After Mitt Romney addressed the NAACP on Wednesday, CNN's Jim Acosta focused on the boos he received from the audience without mentioning the crowd's standing ovation and their applause scattered through the speech. Acosta simply reported a "very negative" reaction from the audience.
"[N]o question about it, this was a very negative reaction to what Mitt Romney had to say here earlier this morning," he rounded out his post-speech report. However, NBC's Garrett Haake tweeted that Romney got a standing ovation as he finished his speech, and National Review's Jim Geraghty noted the cordial reception by the NAACP.
A standing ovation hardly justifies Acosta's "very negative" label for the crowd's reaction to the speech. And the newspaper The Guardian reported during the speech that aside from the booing, the audience had treated Romney "politely" and "with plenty of applause at the appropriate places."
Nevertheless, Acosta focused on the boos. "I don't think it really is sort of overstating it. This was perhaps one of the most negative reactions Mitt Romney has had in the course of his 2012 presidential campaign," he stated.
"He [Romney] used the term 'ObamaCare,' which by the way, that's fine in Republican circles, but there are a lot of Democrats who sort of bristle at using the term 'ObamaCare,'" Acosta expounded. "We at CNN use the term 'the President's health care law', at least in our news reporting," he stated before using the term "ObamaCare" later on in his report.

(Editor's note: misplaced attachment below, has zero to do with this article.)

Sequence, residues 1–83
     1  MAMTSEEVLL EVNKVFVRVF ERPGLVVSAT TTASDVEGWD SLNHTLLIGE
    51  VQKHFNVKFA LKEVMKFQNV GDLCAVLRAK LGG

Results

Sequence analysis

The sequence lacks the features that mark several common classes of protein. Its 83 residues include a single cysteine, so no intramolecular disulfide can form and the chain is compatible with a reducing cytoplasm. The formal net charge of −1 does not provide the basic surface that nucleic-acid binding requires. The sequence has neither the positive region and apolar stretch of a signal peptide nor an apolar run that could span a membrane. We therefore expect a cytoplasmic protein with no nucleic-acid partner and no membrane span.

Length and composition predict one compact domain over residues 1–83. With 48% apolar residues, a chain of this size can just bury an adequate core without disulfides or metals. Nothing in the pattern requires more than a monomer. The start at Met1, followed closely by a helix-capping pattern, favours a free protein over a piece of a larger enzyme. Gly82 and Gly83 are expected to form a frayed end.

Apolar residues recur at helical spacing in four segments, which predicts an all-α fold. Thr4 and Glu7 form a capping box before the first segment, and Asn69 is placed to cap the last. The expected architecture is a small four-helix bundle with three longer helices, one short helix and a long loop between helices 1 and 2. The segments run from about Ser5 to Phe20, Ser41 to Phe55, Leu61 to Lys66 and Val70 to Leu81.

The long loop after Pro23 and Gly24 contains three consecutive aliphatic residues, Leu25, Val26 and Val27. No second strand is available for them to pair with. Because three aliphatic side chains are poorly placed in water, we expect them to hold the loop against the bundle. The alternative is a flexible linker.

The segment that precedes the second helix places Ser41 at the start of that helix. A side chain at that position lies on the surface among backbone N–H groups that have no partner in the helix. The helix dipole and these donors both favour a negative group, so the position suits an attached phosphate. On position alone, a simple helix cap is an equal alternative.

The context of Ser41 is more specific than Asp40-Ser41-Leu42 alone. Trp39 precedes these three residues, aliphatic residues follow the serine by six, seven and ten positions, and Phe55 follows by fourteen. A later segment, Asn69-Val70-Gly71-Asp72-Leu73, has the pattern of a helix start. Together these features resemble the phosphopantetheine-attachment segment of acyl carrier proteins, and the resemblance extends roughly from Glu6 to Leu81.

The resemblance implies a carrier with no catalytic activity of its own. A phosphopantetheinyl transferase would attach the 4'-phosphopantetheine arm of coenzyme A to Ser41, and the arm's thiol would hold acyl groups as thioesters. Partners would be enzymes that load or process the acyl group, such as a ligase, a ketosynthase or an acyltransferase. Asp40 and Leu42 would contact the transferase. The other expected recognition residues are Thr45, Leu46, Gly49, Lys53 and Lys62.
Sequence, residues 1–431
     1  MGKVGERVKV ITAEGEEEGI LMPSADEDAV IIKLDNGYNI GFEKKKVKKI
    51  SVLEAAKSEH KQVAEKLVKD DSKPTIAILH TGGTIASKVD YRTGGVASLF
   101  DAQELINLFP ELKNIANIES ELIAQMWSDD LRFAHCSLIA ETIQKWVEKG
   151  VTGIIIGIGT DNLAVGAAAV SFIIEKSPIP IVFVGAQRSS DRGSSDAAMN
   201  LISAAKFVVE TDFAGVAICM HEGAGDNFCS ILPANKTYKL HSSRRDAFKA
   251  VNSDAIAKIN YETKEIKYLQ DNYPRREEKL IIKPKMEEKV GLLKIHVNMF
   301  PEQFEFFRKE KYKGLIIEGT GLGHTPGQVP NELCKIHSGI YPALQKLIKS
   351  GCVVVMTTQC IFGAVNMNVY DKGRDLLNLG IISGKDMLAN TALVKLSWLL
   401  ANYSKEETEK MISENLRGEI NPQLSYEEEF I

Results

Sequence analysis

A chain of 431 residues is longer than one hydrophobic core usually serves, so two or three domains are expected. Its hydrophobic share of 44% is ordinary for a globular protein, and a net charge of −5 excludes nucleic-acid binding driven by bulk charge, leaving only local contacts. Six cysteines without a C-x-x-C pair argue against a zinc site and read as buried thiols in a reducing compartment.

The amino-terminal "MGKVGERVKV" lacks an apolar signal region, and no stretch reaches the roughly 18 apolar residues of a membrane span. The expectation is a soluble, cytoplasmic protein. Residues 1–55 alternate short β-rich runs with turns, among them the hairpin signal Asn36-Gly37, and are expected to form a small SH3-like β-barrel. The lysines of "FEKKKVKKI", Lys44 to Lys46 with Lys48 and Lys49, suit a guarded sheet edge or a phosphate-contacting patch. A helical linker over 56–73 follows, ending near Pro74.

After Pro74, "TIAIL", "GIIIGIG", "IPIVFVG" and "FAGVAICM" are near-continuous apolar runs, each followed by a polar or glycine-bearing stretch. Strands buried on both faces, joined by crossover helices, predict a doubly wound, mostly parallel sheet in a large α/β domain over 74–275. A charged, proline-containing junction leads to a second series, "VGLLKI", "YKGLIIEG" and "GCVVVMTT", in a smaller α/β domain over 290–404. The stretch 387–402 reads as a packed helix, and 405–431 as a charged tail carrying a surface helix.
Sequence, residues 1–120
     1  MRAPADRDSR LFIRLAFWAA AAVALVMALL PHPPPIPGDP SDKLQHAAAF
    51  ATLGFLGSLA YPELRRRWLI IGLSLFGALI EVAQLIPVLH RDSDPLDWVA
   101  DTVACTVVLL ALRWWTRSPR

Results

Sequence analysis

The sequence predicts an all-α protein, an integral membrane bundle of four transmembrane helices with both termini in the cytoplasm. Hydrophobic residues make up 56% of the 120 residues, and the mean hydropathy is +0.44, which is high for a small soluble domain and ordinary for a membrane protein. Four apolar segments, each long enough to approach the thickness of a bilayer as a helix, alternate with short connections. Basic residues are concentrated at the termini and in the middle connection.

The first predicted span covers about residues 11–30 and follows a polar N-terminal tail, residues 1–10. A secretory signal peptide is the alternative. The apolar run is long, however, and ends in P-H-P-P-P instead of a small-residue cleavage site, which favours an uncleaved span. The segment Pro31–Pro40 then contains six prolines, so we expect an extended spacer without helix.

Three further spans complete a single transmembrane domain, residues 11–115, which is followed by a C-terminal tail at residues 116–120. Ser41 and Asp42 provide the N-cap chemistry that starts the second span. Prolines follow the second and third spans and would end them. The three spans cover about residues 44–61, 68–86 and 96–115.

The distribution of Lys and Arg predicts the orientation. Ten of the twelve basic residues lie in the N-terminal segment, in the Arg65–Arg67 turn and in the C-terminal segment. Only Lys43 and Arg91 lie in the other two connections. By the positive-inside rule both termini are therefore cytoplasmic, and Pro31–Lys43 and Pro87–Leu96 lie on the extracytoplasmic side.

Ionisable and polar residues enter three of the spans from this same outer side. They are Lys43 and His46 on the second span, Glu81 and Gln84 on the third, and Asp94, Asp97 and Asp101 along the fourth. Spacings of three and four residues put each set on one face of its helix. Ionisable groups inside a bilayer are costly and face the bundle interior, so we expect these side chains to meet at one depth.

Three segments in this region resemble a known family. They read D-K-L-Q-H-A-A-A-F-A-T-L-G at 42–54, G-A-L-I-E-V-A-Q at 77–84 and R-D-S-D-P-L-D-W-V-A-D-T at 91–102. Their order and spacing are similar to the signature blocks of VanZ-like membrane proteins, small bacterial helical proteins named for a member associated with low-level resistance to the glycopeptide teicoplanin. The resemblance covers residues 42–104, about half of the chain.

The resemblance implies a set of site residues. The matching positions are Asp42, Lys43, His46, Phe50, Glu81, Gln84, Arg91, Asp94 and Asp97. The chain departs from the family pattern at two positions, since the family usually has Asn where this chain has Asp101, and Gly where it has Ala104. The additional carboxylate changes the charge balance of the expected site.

A transcript of the segment, which aired on July 11 on CNN Newsroom at 11:10 a.m. EDT, is as follows:
JIM ACOSTA: I have to tell you, I have not – I've been covering the Romney campaign for the good portion of a year now, and I talked to some of my fellow Romney reporters with the other news outlets that are covering this campaign, and Ashleigh, I have to tell you, I have not heard that kind of sustained booing for Mitt Romney during the course of this campaign up until what happened today at the NAACP.
I don't think it really is sort of overstating it. This was perhaps one of the most negative reactions Mitt Romney has had in the course of his 2012 presidential campaign. That booing that went on after he said he would repeal the President's health care law went on for nearly ten seconds. He used the term "ObamaCare," which by the way, that's fine in Republican circles, but there are a lot of Democrats who sort of bristle at using the term "ObamaCare." We at CNN use the term "the President's health care law," at least in our news reporting.
And so to come into an audience that is very friendly to the President and use the term "ObamaCare" and say you would repeal it is almost sort of inviting a confrontation. Now if you go on social media right now, Ashleigh, you will see there are a lot of Republicans out there who are applauding Mitt Romney for coming into this audience and saying what he would do as President of the United States.
And this message, Ashleigh, may be designed not just for the NAACP, but to go out across the country, obviously, because it's being carried live in all sorts of places, and go to those independent, moderate sectors of suburban areas, swing states, battleground states, where perhaps seeing Mitt Romney going after ObamaCare in front of the NAACP might be an effective message.
So it's interesting to see the different takes on what happened here today, but no question about it, this was a very negative reaction to what Mitt Romney had to say here earlier this morning.